These 7 areas will fine-tune your plan for the ultimate level of success.

You Turn Me Right ‘Round Baby, Right ‘Round

The biggest area of turn-key businesses is franchises. There is a franchise for ever industry in the world. They are fairly easy to acquire and come with a pre-packaged, easy-to- assemble system. McDonald’s is a prime example of a franchise business, more specifically a 12-figure, 38,000 franchises example.

There are a few things we are going to cover:

  • Business Format Franchise
  • The Franchise Prototype

Franchise Prototype Standards

Business Format Franchise

The business format franchise came from an earlier model call the “trade name” franchise. The major change was in the rights. During the “trade name” days, the franchise owner only had marketing rights; now franchise owners have owning rights to the entire business, including systems. This has allowed for a shift in focus from the quality and name recognition of the products carrying the business to sales techniques that carry the business.

The Franchise Prototype

It was really the franchise prototypes that allowed for the modifications that help today’s franchises really stand out with techniques developed by the owners, rather than those of the corporation. This can make a significant difference in the success of the franchise, as the owner is able to custom tailor their marketing and promotions to the direct needs of their local target customers.

Franchise Prototype Standards

Notwithstanding the above, no one in their right mind would purchase a franchise if the parent company didn’t have a solid plan of action in place to ensure success of the business. So there are a few standards that are put into place that helps to jump start the process of opening a successful franchise.

 

Build a model of prospective customers and/or clients, suppliers, creditors and employees who will consistently offer high quality work.

  • Build a user-friendly model that can be used by individuals of any skillset;
  • Build a defect-free model;
  • Build a model with Operations Manuals;
  • Build a model that will provide guaranteed, consistent results;
  • Build a model that encompasses the same branding in color, dress and facilities codes.

These are all ways the parent corporation can ensure their brand stays the same and in the front of the minds of customers. When you are purchasing a widely-known brand, you will attract customers just for being you.

Expand the Life of Your Business

Today I’m going to talk about the life cycle of a business and how to get the most out of each cycle while also extended the lifespan of your business.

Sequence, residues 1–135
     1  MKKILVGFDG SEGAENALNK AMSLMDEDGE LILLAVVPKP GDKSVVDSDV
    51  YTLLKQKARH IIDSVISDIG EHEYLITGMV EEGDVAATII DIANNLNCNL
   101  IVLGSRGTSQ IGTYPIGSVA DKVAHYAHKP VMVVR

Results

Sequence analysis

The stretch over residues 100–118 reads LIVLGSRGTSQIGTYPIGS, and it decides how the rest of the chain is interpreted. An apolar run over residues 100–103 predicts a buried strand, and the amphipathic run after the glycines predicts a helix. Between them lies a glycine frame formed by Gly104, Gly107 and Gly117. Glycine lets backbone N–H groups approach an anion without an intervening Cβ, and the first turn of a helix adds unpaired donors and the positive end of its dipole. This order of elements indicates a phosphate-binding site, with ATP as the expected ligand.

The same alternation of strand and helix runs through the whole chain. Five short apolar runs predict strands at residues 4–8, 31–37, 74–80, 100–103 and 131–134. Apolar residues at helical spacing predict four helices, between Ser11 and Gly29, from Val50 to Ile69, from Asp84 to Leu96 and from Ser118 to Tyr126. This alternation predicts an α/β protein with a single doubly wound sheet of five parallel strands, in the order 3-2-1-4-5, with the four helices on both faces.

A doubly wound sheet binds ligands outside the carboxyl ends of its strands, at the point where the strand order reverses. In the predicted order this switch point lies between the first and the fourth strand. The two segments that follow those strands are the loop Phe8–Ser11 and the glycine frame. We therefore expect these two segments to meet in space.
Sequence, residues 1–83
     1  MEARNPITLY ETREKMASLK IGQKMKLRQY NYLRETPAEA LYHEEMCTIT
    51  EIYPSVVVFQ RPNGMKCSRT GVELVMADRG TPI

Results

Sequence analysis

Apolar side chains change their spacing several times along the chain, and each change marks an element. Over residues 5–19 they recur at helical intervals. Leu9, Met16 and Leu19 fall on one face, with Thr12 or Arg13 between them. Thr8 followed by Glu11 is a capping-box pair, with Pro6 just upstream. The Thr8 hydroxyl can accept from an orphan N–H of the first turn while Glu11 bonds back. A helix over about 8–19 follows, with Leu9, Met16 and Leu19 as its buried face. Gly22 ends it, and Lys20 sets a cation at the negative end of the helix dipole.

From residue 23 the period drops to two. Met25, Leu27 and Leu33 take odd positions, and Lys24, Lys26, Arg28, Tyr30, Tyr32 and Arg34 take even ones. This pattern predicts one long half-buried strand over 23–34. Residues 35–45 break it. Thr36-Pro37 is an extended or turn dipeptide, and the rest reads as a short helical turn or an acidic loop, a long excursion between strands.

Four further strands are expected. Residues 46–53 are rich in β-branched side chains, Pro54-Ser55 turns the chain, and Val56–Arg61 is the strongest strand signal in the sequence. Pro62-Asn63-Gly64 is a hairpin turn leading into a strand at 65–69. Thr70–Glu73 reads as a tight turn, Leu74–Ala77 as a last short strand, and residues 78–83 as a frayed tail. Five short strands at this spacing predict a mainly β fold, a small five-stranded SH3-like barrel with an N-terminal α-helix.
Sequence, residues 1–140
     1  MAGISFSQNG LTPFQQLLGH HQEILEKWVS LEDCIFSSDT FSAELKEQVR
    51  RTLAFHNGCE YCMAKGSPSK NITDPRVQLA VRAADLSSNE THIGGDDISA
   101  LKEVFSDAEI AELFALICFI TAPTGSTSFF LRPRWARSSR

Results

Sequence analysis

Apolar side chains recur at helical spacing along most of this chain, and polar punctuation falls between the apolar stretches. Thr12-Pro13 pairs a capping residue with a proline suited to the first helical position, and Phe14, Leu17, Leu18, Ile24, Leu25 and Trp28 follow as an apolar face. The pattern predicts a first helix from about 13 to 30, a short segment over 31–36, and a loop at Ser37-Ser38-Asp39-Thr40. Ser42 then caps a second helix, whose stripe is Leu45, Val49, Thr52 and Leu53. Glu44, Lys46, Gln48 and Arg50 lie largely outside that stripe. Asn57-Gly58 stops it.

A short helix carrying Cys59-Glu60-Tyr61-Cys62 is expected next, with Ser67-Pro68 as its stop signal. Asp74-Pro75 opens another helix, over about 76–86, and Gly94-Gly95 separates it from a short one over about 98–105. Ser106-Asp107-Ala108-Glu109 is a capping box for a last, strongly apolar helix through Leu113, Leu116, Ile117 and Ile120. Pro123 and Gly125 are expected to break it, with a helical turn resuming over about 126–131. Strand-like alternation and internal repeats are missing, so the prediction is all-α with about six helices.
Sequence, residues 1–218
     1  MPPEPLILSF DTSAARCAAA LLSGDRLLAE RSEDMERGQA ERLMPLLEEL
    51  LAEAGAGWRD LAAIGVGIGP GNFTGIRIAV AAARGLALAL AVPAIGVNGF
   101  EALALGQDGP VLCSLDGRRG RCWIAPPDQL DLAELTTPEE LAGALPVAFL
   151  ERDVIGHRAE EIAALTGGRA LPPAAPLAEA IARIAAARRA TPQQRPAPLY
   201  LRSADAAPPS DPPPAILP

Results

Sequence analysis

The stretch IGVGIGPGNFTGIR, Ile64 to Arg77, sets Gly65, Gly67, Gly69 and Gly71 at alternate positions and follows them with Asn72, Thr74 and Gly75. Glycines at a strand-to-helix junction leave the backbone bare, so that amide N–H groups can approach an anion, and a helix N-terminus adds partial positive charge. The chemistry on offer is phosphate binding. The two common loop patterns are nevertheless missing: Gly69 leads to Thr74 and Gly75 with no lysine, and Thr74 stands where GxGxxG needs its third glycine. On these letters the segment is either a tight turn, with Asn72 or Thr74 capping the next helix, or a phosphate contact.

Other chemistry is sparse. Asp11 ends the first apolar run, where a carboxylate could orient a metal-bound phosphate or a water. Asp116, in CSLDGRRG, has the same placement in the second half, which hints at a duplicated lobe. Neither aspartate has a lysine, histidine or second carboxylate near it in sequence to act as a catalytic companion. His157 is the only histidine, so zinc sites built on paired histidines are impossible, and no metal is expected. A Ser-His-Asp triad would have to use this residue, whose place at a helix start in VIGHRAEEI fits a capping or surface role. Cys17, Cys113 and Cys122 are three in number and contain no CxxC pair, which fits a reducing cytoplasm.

The four different stages of a business life cycle are:

• Infancy
• Adolescence
• Growing Pains
• Maturity

We’ll talk a little about what each of these cycle’s means and how they can each help expand your business’ lifespan.

Infancy

This is generally considered the technician’s phase, which is the owner. At this point, the relationship between the business and the owner is that of a parent and new baby. There is an impenetrable bond that is necessary to determine the path your business will follow. Never drop your baby.

The key is to know your business must grow in order to flourish. You cannot stay in this stage forever.

Adolescence

In this stage you need to start bringing your support staff together to delegate to and allow growth to happen. The first line of defense is your technical person as they need to bring a certain level of technical experience. This cycle really belongs to the manager though. The plan stage needs to start, and a relationship should be built with the entrepreneur to plan for the future.

Growing Pains

There’s a point in every business when business explodes and becomes chaotic. This is referred to as growing pains. It’s a good problem to have, but a problem nonetheless. You are often faced with a number of choices:

  • Avoid growth and stay small
  • Go broke
  • Push forward into the next cycle

Maturity

The last cycle is maturity, though this doesn’t mean the end of your business. Your passion for growth must continue in order for your business to succeed. You need to keep an entrepreneurial perspective in order to push your business forward.

You see how all four of these cycles are connected and depend on a strong foundation for each one of them for your business to be and continue to be successful. All three of your key roles (the technician, manager, and entrepreneur that I mentioned in my previous post) must also work together to work through these cycles.

If you’re having trouble putting together your business life cycles and figuring out which of the key roles you fit into, try our FREE test drive and work with one of our amazing coaches.

Do It Like the Big Dawgs!

Today we’ll take a look at how the kings of industry wine, dine and otherwise cajole prospects.